The hobbits are pressed against the windows of Bag End to see what happens inside.



Inside, Frodo holds serve with Saruman. Frodo very much wishes that no harm comes to Saruman, even through all the evil that he’s done. In fact, Frodo commands Saruman to leave, and Saruman agrees. He calls for Wormtongue, and the two begin to shuffle out.

BOOM! Saruman tries to knife Frodo. Thankfully, Frodo’s wearing mail under his clothes, and no harm is done. Sam and other hobbits jump Saruman with intent to kill. Frodo still refuses this, and Saruman does actually walk out. On the way, Frodo calls for Wormtongue to stop following this toxic wizard.

So, just in case you were wondering, Saruman is indeed very good at sleight of hand.

"I wasn't trying to kill you at all! I promise!"

“I wasn’t trying to kill you at all! I promise!”

Though I highly doubt that the hobbits outside are all applauding his tricks. Rule #1: don’t turn around and stab the dude who just gave you your freedom and your life. It reflects poorly on your character. And people probably won’t like you anymore.

No one dies today.

“‘You can have rest and food here for a while, until you are stronger and can go your own ways.'”

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Cue dramatic entrance.

This is an appropriate time for a gif.

This is an appropriate time for a gif.

As our four hobbits sniff around the mess of Bag End, Saruman appears, laughing. He details how he made plans to come conquer the Shire after meeting the hobbits on the road. They all seemed so pleased with themselves, happy to return home. But Saruman? He has no home to return to. TIME TO MESS WITH THEIRS.

That’s basically the logic. He also goes on to say that he could have done much worse with more men and more time. Blah, blah, blah, monologue, monologue, monologue.

I find humor in the fact that this is all that Saruman is reduced to. He was once one of the most powerful beings in Middle-earth, but now he finds himself pleased with making mischief for revenge on four hobbits. Oh, how the mighty have fallen.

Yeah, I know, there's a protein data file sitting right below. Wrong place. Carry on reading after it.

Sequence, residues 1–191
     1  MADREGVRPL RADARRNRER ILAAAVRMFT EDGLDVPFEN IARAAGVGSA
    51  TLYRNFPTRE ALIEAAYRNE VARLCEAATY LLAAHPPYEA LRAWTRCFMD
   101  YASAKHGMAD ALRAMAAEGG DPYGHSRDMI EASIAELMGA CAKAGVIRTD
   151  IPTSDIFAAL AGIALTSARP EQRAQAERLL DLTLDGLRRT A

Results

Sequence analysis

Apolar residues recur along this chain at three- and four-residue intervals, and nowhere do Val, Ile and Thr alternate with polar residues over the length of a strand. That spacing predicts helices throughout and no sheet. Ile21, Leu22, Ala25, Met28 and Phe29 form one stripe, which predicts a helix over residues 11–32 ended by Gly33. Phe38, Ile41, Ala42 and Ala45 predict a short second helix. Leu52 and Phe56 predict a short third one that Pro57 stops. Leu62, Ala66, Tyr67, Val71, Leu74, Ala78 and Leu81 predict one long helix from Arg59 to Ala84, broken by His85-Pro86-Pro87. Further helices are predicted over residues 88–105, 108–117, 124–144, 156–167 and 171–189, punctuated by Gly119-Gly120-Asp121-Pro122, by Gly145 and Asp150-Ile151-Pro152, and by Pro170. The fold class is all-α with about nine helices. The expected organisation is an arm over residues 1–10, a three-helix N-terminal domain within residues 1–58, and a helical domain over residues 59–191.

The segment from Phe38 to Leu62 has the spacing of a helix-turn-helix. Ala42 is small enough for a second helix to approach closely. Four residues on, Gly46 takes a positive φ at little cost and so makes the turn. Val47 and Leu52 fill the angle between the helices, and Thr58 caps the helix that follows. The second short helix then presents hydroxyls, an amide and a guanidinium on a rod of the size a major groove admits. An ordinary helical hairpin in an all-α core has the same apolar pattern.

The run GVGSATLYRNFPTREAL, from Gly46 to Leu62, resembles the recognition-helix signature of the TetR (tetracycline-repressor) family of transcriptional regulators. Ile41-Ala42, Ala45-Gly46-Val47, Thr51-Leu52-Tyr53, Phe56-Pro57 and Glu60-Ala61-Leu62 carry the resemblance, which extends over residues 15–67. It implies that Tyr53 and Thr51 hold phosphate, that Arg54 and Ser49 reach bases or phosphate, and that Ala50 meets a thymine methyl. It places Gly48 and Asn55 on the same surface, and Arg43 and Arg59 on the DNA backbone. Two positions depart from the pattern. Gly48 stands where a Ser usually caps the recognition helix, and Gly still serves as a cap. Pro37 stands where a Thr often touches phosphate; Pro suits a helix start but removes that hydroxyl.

He also totally fails to comprehend how his plans are already unraveling. The Shire is reuniting, and it won’t take long for the hobbits as a whole to rebuild what’s been destroyed. Saruman really wants to see the hobbits suffer, and he hopes that it will take more than their lifetimes to undo what he’s done. Too bad. It won’t take all that long at all. Hobbits are resourceful folks.

Everything is cool when we're part of a team.

Everything is cool when we’re part of a team.

What else is Saruman wrong about? He thinks his nickname, Sharkey, is a term of endearment. It’s not, really. Today there’s a small footnote that explains what I said earlier: “sharkû”, in the Orc-tongue, means “old man”. I don’t exactly see that as endearing. Blinded by pride, this one is.

No one dies today.

“‘Go at once and never return!'”

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No, no, not the book and everything. We still have two more weeks of that. What’s over? Just this battle. The Battle of Bywater! Epic.

The page begins with the cleanup of the battle. Some 70 (70!) ruffians were killed, along with 19 hobbits. The ruffians are buried unceremoniously in a pit, and the hobbits in a grave that would later be marked with a stone and garden. Hobbits like gardens.

Frodo, Sam, Merry, and Pippin ride back to Bywater with the Cottons, and discuss their next steps over lunch. It’s clear that they must now strike out against Sharkey, and Farmer Cotton prepares an escort to bring them to Bag End. The road there is depressing, with familiar buildings in disarray or completely torn down, and new ones rising bleak from the rugged earth. The Shire is in a bad way.

Sometimes, that one new building just doesn't fit in with the rest.

Sometimes, that one new building just doesn’t fit in with the rest.

First Mentions:

-the Battle Pit: The mass grave of the ruffians, which gets a way cooler name than it deserves.

-the Battle of Bywater: That was this battle! It has a name now, so it’s official.

-the Greenfields: A battle in the Shire some 300 years ago. It was here that, through victory, Bullroarer Took invented the game of golf.